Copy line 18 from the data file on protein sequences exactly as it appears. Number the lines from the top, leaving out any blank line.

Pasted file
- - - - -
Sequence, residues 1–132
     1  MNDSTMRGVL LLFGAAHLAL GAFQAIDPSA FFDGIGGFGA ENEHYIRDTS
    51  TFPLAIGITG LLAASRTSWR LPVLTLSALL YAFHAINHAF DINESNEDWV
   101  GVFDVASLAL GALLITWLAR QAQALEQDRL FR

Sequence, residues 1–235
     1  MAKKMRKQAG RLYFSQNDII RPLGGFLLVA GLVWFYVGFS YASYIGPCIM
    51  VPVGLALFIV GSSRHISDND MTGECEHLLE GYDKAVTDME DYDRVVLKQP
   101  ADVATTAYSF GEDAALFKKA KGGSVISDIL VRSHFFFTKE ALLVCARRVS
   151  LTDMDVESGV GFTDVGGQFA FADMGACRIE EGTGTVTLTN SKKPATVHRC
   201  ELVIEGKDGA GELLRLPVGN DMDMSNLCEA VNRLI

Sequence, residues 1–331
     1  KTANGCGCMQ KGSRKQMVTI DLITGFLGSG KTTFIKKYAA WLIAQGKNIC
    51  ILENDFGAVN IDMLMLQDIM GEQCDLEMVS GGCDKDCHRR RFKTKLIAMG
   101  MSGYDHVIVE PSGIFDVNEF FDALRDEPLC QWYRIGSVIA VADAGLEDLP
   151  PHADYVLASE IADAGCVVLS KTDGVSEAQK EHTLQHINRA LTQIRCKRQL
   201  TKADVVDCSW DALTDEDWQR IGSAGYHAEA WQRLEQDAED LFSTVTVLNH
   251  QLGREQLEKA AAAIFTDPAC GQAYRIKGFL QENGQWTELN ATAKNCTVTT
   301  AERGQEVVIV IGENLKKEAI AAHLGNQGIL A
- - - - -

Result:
   301  AERGQEVVIV IGENLKKEAI AAHLGNQGIL A